A year after the saga surrounding the unauthorised clearance of patches of forest in Kranji, investigations have found that two JTC staff provided “inaccurate information” to their superiors.
These inaccuracies were then conveyed to the Ministry of Trade and Industry (MTI) and incorporated into the answers then-Minister for Trade and Industry Chan Chun Sing gave in Parliament about the issue on Feb. 26, 2021.
Chan admitted that some of the information he presented in Parliament was thus, inaccurate.
NParks’ investigation into the unauthorised clearance began on Feb. 21, 2021. A few months later, the agency uncovered discrepancies in the information provided by the two JTC officers.
To rule out any possibility of corruption, the Corrupt Practices Investigation Bureau (CPIB) was brought in. They subsequently ruled out corruption.
The case was then referred to the police to establish what happened and identify if there was any criminal conduct.
Forest clearance did not receive NParks’ approval
As police investigations into the matter have just concluded earlier in March, Chan elaborated further on the details of the inaccuracies during the Committee of Supply debates on Mar. 10.
Back in 2021, Chan had said that the unauthorised clearance was carried out on 4.5ha of forest between December 2020 and Jan. 13, 2021.
This was inaccurate as investigations found that clearance had commenced without the National Parks Board’s (NParks) approval even before December 2020.
Additional plots of land of at least 2.8ha had also been cleared without NParks’ approval.
Last year, Chan had also said that JTC’s contractor, Hua Tiong, had not been paid for the over-clearance.
He corrected his past statement, saying that some payment was made for the unauthorised felling of trees.
JTC’s relevant department subsequently processed the payment without realising that the clearance of forest was not approved.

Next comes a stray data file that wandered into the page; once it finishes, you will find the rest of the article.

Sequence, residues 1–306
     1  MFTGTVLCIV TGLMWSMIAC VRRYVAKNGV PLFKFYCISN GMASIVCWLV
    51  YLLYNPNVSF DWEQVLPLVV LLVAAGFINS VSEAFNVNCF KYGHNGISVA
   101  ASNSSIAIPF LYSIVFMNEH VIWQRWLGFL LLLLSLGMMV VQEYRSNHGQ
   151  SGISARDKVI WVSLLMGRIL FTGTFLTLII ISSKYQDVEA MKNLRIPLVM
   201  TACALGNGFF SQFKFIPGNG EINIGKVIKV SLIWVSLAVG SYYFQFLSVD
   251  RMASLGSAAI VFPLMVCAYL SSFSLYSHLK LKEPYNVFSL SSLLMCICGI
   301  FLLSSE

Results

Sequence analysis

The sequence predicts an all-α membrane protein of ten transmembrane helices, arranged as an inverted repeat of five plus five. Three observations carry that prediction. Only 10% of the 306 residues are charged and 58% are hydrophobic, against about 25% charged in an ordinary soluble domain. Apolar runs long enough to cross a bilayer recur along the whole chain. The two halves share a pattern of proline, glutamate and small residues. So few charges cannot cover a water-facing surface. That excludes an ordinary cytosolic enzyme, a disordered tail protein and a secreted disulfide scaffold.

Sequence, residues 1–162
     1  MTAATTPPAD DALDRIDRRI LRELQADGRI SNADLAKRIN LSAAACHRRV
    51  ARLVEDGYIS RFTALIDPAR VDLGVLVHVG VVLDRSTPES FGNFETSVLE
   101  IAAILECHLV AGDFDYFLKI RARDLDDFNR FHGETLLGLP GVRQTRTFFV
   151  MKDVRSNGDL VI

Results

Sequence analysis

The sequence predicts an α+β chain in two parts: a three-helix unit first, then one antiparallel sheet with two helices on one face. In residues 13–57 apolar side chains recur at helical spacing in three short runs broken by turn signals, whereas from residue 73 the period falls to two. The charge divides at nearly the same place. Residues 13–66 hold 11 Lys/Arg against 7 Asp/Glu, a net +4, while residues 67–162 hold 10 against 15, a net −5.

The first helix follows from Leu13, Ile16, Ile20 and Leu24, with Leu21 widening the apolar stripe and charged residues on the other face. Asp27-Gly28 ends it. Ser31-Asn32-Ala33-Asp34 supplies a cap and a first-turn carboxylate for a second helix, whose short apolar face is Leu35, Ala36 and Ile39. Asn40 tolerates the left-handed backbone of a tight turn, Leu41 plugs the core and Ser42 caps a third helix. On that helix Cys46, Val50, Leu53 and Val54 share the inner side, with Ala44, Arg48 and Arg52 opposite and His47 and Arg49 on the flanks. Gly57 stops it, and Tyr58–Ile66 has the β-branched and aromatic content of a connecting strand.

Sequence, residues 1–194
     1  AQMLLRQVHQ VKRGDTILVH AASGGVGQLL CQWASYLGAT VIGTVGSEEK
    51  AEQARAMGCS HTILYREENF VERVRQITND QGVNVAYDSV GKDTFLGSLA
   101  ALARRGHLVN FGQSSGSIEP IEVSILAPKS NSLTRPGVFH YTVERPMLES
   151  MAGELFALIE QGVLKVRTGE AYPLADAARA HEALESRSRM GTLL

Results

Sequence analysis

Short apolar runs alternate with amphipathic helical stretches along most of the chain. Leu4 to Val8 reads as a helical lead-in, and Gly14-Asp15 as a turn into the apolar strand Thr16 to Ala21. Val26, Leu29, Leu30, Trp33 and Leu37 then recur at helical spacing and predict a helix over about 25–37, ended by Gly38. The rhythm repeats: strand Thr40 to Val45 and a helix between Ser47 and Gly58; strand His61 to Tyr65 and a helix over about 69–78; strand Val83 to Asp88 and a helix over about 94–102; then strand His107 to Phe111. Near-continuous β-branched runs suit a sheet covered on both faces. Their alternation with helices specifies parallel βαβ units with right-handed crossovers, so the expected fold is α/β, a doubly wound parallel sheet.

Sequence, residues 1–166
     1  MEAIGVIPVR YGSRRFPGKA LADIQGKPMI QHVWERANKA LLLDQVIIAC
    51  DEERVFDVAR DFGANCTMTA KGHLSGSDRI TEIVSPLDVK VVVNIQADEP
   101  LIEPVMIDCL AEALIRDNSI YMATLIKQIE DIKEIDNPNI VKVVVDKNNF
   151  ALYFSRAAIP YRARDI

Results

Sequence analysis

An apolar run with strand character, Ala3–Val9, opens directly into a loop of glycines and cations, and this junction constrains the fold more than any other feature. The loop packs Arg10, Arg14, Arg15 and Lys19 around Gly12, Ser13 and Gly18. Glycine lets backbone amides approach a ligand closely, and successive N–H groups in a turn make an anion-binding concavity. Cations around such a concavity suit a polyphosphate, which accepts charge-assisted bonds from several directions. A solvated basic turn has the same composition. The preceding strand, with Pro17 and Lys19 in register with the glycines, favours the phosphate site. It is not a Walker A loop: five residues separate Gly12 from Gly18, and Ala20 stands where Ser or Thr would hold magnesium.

In this case, “there was no intent by JTC staff to mislead,” Chan said.
JTC staff aware of unauthorised clearance
In 2021, Chan had also said that the unauthorised land clearing was discovered by JTC’s project manager on Jan. 13, 2021.
This is false — investigations found that the project manager already knew of the unauthorised clearance before that.
The project manager’s immediate superior, a deputy director, was also aware.
“It appears that they misrepresented the facts and gave inaccurate information to their superiors,” Chan said.
This case will be referred to the Attorney-General’s Chambers (AGC), which is now “considering the matter”.
“After discussing with AGC, I was satisfied that I could update Parliament now on what the police have found. But I emphasise to members that the above is the police’s views of the facts, and the matter could go to court.”
Chan said that questions such as “Why did the officers do this?” would arise.
However, people should be “very circumspect about speculating on [the officers’] motives”, and these motives will likely come to light and be dealt with in court.
Due processes should be followed: Chan
The Kranji woodland site was already earmarked for clearance and chosen for the development of an Agri-Food Innovation Park (AFIP) in 2019.
However, Chan said that processes should still be followed, which include receiving timely approvals from NParks.
NParks confirmed that if the due process had been followed, it would have given approval for the forest clearance, subject to the necessary conditions being met.
“However, regardless whether approvals would have been forthcoming, the JTC officers had a duty to give the correct information to their supervisors and MTI. Failure to do so is wrong, and cannot be excused.”
Currently, MTI is reviewing the investigation findings with JTC.
Apart from possible court proceedings, MTI and JTC will take the appropriate disciplinary and administrative actions against the individuals responsible, as necessary, Chan concluded.
In a statement posted after Chan’s clarification in Parliament, JTC said it “apologises unreservedly for the incident”.
Thus far, JTC said it has cooperated fully with NParks, CPIB and the police.
The statement read:
“As part of the Public Service, JTC expects all its officers to conduct themselves with professionalism and integrity. The conduct of the two JTC officers fell short of this expectation.”
Moving forward, a disciplinary panel will be convened to consider appropriate disciplinary actions against the officers involved, as well as their senior supervisors if they had been in breach of their duties.
More about Kranji woodland clearance
The Kranji woodland used to be part of the former Keretapi Tanah Melayu (KTM) railway line.
Back then, most of the site comprised of disused scrubland, which eventually became overgrown by fast-growing non-native Albizia regrowth.
The proposal by JTC and NParks included retaining the railway line as a green corridor within the AFIP.
As the development site is not close to any sensitive nature areas, an environmental impact assessment is not required.
However, a survey by the Nature Society Singapore previously recorded 47 bird species from the larger 70ha area in Kranji, which includes the 25ha land allocated for the AFIP.
Members of the public became aware of the forest clearance after photos showing the “before” and “after” of the site went viral online on Feb. 15, 2021.
Top photo by Brice Li